Tonio Borg: ‘I was surprised at Pullicino Orlando’s vote’
Deputy prime minister says PN was under impression ‘everything was right’ before Pullicino Orlando’s declaration in parliament that he would vote in favour of Opposition motion.
19 June 2012, 12:00am
"I was surprised at the vote of Pullicino Orlando, because he did say - publicly - that he would not vote for the motion. The impression was that everything was right," Borg said.
Pullicino Orlando's vote in favour of the Labour motion was accompanied by an abstention from Jesmond Mugliett, who said Malta's reactivation of Partnership for Peace - which Labour claimed was reactivated without the House's approval in a strategy devised by Cachia Caruana - should have been discussed within the parliamentary group and the House itself.
Borg said that although the vote was lost, the government would still continue governing as long as its electoral mandate allowed it to do so.
But he did not go any further into internal party proceedings against Pullicino Orlando, who on Monday said he had met with Richard Cachia Caruana at the MP's house earlier last month and that there was no personal discord between the two men.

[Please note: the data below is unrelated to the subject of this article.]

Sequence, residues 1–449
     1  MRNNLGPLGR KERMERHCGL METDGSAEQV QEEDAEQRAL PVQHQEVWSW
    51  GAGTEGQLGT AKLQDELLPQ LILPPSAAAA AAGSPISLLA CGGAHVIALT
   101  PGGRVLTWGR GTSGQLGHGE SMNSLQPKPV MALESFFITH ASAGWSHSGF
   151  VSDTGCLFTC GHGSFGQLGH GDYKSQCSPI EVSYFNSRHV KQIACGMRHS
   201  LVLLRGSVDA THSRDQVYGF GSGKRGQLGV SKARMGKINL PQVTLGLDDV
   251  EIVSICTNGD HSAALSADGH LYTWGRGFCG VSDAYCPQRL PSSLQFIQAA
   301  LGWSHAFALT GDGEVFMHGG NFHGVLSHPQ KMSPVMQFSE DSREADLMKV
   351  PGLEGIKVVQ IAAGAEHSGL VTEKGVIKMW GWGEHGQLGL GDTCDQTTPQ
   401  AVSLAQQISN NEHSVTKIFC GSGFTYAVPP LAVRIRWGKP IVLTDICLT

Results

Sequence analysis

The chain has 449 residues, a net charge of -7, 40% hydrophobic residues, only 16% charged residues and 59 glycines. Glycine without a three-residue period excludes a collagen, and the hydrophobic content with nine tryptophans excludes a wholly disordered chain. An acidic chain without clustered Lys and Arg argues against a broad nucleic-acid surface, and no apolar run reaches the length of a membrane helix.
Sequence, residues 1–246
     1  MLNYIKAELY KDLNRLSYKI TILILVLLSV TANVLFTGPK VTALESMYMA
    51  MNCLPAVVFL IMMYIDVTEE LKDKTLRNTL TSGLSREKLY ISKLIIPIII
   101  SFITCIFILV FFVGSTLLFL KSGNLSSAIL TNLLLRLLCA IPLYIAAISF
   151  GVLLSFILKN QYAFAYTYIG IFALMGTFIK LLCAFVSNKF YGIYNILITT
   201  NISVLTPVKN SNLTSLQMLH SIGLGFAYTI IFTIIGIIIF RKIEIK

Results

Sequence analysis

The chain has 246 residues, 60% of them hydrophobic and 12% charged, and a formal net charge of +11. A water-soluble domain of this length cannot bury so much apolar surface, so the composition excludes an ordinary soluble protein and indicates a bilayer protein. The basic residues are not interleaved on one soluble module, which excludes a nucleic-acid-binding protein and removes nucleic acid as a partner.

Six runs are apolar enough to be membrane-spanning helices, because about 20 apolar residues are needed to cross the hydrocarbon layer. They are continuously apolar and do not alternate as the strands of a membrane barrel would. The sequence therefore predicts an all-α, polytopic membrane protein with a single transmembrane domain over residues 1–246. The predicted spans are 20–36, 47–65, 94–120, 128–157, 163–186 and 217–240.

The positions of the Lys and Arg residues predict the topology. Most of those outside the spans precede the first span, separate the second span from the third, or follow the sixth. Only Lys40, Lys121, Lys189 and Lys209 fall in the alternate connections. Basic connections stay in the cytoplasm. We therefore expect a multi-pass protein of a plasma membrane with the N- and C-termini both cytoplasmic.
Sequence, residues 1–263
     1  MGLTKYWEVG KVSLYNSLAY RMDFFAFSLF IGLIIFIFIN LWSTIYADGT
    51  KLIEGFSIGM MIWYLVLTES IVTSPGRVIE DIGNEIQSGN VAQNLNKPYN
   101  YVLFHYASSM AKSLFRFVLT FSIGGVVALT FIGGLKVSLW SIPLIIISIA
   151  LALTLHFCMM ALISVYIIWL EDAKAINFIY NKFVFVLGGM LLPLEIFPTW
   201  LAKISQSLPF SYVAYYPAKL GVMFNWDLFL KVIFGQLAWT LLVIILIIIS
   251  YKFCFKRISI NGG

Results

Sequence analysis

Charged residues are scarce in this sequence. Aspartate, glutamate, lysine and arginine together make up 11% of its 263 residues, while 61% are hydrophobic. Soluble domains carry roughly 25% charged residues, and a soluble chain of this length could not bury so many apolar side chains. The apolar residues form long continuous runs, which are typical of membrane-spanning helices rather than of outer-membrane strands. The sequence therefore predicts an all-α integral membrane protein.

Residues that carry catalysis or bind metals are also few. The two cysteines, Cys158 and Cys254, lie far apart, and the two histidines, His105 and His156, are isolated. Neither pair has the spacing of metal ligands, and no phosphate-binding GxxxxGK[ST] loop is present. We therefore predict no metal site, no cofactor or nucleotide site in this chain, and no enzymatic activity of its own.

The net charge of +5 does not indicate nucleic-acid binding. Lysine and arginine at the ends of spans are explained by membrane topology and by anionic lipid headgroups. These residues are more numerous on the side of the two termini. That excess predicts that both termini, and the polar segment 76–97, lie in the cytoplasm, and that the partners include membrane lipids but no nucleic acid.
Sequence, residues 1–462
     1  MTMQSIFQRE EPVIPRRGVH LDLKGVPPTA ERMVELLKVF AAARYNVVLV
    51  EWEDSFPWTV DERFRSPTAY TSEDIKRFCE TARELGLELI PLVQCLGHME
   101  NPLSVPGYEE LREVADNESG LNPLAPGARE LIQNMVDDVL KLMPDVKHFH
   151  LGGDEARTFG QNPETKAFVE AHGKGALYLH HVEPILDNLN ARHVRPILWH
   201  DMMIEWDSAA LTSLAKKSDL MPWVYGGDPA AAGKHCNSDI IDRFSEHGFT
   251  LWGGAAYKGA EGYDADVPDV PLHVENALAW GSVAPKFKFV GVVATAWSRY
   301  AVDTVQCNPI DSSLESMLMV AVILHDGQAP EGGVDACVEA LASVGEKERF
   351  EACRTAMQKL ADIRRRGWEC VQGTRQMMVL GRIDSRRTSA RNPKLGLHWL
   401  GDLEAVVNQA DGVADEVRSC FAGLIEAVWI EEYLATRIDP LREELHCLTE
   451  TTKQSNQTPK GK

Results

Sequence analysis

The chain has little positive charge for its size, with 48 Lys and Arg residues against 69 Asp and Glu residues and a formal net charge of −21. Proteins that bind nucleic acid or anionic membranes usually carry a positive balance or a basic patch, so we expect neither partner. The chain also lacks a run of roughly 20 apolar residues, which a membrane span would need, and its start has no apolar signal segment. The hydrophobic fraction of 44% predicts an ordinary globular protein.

"It's not a matter of discipline," Borg said when asked whether any disciplinary steps will be taken against Pullicino Orlando. "Everyone in parliament is free to vote as he wishes. There are consequences that follow," Borg said.
Pullicino Orlando, whose political vicissitudes have included being accused by Labour leader Alfred Sant of using his influence to obtain a planning permit; thwarting Richard Cachia Caruana's own plan to push with an extension of the St John's Cathedral; the introduction of divorce; and now prompting the resignation of Cachia Caruana; has declared he will not contest the next general elections.
"There is no doubt that there was something personal," shadow foreign minister George Vella said on TVAM. "But what certainly emerged was Cachia Caruana's public profile was a larger than life one."
Vella denied any knowledge of any contact with the MP and the Opposition prior to the vote. "The aim of this motion was that the supremacy of parliament could not be ignored. I am convinced we had a genuine case."
Borg said Cachia Caruana's resignation was an "ugly precedent" for civil servants who served the country and followed ministers' orders.
The resignation motion was prompted by US embassy cables published by Wikileaks back in 2011, which gave the impression that Cachia Caruana was advocating the reactivation of Partnership for Peace documents signed with Malta in 1996 to avoid going to the parliament and face a divisive vote. Cachia Caruana was grilled in the foreign affairs committee by Labour and government MPs, and told the committee he had been unaware that Lawrence Gonzi would reactivate PfP in 2008, after the general election, when parliament was still in dissolution.
Matthew Vella is executive editor at MaltaToday.
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